and Wes – and both are certainly as infuriating as they are bewitching –

Carrow Road is a whole lot more fun, even more romantic, when they''re

playing and playing well. And a bit of romance is an essential part of

sport. We’re not talking about nostalgia, tradition, sentiment, which

all bubble in the same pot and should be treated with suspicions. We’re

talking only about romance: the underdogs rising to the top, the element

of surprise, overcoming adversity, making the difficult look natural,

the ability to catch the mood of a nation or region, lifting a sport

beyond merely kicking or hitting a ball. So it’s not Chelsea

winning another title, it’s not Sebastian Vettel''s Formula One

domination, it’s not Gazza’s tears at Italia ’90. It is Goran Ivanisevic

winning Wimbledon in 2001, Nelson Mandela wearing a South African rugby

shirt, Ian Botham''s boys'' own bashing in 1981, Andy Murray finally

conquering Wimbledon, Ellen MacCarthur reaching land, a British medical

student running a mile in less than four minutes for the first time,

Norwich beating Bayern Munich, Wigan lifting the FA Cup. And

that''s why the FA Cup would be the perfect stage for Wes and Fox to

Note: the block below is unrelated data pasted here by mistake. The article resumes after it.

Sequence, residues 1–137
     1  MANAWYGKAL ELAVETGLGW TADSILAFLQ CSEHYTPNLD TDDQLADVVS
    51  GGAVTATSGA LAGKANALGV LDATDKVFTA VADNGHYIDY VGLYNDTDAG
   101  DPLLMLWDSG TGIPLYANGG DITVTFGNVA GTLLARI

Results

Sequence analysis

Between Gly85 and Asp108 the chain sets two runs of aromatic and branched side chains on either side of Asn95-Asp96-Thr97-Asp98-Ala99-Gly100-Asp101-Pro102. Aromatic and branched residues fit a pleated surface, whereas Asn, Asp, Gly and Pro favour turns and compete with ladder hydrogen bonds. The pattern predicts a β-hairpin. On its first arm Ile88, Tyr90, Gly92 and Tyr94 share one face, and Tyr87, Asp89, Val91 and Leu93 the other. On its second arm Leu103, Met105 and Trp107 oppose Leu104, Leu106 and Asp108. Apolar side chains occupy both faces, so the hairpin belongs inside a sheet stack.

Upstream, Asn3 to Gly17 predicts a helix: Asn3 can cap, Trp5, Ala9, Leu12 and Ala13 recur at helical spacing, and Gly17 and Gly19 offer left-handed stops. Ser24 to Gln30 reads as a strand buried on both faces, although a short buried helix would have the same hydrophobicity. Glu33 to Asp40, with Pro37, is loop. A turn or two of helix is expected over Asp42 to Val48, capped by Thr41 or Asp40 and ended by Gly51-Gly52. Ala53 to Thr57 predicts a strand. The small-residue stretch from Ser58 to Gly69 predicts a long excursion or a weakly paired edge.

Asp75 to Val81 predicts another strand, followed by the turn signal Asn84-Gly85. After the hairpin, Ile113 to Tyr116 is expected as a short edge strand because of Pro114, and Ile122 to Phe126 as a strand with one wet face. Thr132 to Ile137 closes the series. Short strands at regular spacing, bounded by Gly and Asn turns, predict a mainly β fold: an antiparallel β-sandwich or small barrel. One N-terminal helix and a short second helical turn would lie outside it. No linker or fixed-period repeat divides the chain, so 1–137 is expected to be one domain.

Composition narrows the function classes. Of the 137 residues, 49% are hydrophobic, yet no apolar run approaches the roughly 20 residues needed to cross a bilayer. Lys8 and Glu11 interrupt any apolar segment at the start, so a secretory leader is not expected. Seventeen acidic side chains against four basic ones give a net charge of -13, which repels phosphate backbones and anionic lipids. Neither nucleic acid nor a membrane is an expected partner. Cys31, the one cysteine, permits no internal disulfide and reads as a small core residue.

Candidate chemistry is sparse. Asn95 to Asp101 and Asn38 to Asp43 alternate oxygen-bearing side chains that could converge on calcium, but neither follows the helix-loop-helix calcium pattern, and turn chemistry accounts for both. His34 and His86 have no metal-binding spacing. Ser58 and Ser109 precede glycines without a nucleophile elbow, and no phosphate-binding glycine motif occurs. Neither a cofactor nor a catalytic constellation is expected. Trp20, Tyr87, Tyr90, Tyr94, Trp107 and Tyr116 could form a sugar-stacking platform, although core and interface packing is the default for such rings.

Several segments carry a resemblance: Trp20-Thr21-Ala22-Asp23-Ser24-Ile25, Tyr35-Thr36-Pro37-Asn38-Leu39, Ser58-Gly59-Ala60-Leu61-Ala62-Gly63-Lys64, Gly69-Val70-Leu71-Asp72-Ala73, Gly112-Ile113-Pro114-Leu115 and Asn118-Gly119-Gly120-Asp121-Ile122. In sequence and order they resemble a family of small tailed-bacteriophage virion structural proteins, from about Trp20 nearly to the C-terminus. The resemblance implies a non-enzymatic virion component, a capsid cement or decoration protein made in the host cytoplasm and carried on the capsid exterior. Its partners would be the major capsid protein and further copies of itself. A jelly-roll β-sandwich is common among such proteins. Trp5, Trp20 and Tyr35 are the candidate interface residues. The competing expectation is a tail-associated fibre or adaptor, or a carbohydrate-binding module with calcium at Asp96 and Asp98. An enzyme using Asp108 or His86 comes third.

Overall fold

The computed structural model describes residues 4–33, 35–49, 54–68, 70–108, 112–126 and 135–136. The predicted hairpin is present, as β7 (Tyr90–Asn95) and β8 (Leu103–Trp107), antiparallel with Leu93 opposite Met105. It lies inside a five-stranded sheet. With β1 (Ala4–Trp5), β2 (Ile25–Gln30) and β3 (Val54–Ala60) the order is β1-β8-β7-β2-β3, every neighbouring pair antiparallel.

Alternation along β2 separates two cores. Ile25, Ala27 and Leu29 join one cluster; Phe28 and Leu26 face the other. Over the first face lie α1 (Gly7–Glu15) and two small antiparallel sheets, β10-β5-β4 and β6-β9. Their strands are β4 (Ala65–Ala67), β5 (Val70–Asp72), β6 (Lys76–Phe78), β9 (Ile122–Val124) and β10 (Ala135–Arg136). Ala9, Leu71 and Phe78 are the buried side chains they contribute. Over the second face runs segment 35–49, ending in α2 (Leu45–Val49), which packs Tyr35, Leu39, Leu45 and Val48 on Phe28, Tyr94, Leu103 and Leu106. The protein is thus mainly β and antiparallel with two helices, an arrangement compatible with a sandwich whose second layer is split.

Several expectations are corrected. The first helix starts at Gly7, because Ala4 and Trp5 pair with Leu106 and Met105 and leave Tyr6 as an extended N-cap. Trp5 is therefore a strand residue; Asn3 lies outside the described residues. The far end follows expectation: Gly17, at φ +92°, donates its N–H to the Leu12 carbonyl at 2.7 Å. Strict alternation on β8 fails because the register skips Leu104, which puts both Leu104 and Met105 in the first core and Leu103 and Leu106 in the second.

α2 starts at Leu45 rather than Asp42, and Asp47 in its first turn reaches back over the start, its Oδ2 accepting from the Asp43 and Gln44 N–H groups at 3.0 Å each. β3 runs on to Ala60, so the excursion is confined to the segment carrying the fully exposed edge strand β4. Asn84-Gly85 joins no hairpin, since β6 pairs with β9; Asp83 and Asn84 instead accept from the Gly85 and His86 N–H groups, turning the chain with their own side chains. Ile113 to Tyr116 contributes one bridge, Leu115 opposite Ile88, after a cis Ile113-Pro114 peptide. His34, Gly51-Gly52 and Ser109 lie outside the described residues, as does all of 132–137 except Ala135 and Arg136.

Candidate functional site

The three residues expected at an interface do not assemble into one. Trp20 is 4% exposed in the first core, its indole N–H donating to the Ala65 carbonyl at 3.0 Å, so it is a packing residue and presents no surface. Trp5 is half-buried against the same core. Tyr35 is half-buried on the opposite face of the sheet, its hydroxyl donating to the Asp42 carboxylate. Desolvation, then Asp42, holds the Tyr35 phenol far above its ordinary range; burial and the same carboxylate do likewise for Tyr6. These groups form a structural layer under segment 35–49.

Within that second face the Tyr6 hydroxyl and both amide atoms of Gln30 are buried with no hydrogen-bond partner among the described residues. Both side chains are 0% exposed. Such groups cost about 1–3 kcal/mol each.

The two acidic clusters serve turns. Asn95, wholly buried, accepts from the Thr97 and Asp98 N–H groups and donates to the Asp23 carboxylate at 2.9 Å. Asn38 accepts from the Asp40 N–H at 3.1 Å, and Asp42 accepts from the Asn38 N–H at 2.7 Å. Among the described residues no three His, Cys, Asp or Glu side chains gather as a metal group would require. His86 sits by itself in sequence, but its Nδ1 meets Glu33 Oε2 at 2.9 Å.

partner up for the first time since that romantic day when, erm, we lost

to Luton in the Cup. It is why I’ll be going to Craven Cottage on

Tuesday. Not because of a perverse, mad love for matches against Fulham

but for the chance to see two natural footballers playing in a

competition desperate for some TLC. Even if the game is turgid, even if

we lose, it will barely matter for a glimpse of Wes and Fox creating a

bit of romance. Daniel Brigham is features editor of The Cricketer magazine.You can follow him on twitter: @cricketer_dan

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The amount of romance left in the FA Cup was emphasised when the holders, Wigan, started their defence of the trophy at home in front of less than 7000 people. How many did they take to Wembley last May?